First-Year Mya Espinosa Lands Role in “Aloha, Say the Pretty Girls”

She’s only 18, but she already has an agent—and a plan B in case acting doesn’t fly

Not everyone can handle the provocative energy of Wendy (Mya Espinosa), as she flirts with a nervous Derek (Simon Woods) at the train station. Photo by Olivia Sippel.

Mya Espinosa is an 18-year-old, first-year theater student at New Paltz. It is Espinoza’s first semester, and she is already performing in the production “Aloha, Say the Pretty Girls” as the character, Wendy. Espinoza started out as a shy kid doing local theater, and now she’s signed to an agency. Prior to our meeting I would have never expected that she’d open up easily and be unafraid to voice her struggles through her young acting arc.

What is your major and what do you want to double major in?

I am a theater major. I plan on double majoring in international relations after this semester, but I am a first-semester freshman. You need a backup plan. 

You are a first-year and got a part, how was the audition process?

They gave us this long questionnaire of obscure things that you were and were not willing to do. I obviously am willing to do all of them because I am a freshman and I am the only freshman in Aloha that I know of.  

Talk about your character, Wendy. 

I feel like her personality changes. From the beginning of the show, she is this very bubbly, quirky [person]. She is talkative and provocative—sex positive. I can appreciate that about her. She is this super bright girl. Not everyone can handle that energy.  

Wendy (Mya Espinosa) attempts to obtain a job at the pet store when the shop owner refuses. Photo by Olivia Sippel.

How did you get into acting?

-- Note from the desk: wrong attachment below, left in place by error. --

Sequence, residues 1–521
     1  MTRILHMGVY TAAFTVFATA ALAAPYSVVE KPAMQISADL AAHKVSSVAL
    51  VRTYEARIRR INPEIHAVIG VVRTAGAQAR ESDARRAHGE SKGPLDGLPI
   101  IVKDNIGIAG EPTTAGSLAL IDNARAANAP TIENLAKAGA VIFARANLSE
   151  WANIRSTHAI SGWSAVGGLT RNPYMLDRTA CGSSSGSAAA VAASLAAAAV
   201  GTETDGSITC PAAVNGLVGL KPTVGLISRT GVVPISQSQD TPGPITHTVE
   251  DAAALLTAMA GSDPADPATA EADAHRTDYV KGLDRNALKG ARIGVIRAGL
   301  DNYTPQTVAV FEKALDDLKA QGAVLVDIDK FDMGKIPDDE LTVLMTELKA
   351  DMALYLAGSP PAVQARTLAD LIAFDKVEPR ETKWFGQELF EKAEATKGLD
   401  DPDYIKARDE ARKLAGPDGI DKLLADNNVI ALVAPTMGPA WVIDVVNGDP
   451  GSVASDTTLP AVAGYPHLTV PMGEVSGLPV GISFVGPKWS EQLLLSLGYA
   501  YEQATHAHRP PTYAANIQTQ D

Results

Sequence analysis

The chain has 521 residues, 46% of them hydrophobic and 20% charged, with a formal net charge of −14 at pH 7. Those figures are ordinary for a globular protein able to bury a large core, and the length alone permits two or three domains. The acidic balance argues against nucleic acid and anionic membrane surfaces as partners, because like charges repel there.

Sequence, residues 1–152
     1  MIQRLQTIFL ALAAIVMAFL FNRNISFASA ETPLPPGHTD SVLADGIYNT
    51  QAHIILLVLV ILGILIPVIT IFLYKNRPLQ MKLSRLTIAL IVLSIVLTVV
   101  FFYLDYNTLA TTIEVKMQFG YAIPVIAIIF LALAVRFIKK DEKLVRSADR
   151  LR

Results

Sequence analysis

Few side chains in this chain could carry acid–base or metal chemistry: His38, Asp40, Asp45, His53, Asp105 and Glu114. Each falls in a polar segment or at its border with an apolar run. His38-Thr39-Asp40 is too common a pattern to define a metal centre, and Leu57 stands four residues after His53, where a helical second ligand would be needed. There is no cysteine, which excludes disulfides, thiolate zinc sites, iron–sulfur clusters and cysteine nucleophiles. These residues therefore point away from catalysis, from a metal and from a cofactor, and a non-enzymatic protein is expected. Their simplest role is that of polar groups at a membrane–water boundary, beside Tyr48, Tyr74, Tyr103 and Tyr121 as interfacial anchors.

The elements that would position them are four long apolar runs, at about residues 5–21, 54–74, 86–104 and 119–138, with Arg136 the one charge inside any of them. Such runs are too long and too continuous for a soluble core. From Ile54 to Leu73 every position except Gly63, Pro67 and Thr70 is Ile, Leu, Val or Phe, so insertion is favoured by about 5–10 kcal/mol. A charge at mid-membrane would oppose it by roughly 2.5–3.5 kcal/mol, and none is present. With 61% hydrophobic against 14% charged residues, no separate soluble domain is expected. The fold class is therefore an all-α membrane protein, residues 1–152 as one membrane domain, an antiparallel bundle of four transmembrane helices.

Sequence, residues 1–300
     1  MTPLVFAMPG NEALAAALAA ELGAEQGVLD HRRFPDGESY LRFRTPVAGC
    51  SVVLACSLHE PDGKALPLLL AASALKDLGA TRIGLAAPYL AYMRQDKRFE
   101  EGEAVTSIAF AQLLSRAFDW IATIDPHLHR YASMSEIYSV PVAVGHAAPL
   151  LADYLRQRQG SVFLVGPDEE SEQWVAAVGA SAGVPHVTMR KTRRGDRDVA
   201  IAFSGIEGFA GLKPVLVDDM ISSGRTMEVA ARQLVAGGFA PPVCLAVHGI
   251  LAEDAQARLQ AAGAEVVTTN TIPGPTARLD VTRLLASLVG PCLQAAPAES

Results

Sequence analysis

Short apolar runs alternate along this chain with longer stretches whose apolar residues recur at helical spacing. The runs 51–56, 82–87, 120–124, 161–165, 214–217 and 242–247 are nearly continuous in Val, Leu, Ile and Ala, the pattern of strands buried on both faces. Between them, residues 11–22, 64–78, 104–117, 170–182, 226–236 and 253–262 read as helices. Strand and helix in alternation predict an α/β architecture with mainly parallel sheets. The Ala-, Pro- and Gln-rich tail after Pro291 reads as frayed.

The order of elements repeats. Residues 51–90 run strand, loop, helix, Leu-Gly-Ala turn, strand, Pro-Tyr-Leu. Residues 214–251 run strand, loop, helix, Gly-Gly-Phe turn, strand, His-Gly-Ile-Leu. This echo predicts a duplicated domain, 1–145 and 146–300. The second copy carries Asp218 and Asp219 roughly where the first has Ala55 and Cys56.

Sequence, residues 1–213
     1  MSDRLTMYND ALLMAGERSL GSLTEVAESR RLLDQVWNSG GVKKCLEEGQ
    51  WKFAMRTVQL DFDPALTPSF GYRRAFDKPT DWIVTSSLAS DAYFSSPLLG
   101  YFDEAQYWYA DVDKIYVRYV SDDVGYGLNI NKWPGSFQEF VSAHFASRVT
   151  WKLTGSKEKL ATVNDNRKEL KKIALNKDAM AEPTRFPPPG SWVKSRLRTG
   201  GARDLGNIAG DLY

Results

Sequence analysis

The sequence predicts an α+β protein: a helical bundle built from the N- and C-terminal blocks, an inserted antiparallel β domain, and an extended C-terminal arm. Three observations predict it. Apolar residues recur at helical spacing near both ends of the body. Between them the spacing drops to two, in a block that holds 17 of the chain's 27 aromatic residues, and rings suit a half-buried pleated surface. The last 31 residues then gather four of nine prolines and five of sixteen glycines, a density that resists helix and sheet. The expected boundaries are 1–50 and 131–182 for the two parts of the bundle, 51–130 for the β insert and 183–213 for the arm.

I have been doing theater since I was seven. I started at the Shadowland Acting Academy in Ellenville. I did not want to do it at first. My mom put me in acting because I was this super shy little kid and attached to her hip. When I did my first show, I got the smallest part. For some reason, I loved it, like dressing up and you know, saying my one line, I was like “oh my god.” I started doing musical theater in middle school. Then I did a show with the Sullivan County dramatic workshop. That led me down a road where I want to do this for the rest of my life. This is a competitive, hard industry, even at a local level. There is no right or wrong way of doing it. You just have to be yourself and see what happens.

Do you ever get anxious on stage?

I have been doing this for a billion years and I still get so anxious. I don’t know if it is exciting. I hope it never gets old. You still have jitters before every single show. This play is one of the first that I have done that runs for a long time. I only did one other before this that ran for two or three weeks. That is a lot of pressure; I’m excited for it. It’s something new and this is how the professional world works.

Where do you see yourself after you graduate?

I am only 18 and a freshman, but I do think about that a lot. The reasons why I am double majoring is based on circumstance. How far do I get in theater or acting prior to graduating? I am signed. I worked a job last week. It was the first one I ever booked; it took me four years. If I reach a point where I feel like I am booking consistently by the time I graduate, I can picture myself continuing to invest more time into theater and acting, but [it’s] risky. The plan right now is to go to graduate school for law.

Lila Andres

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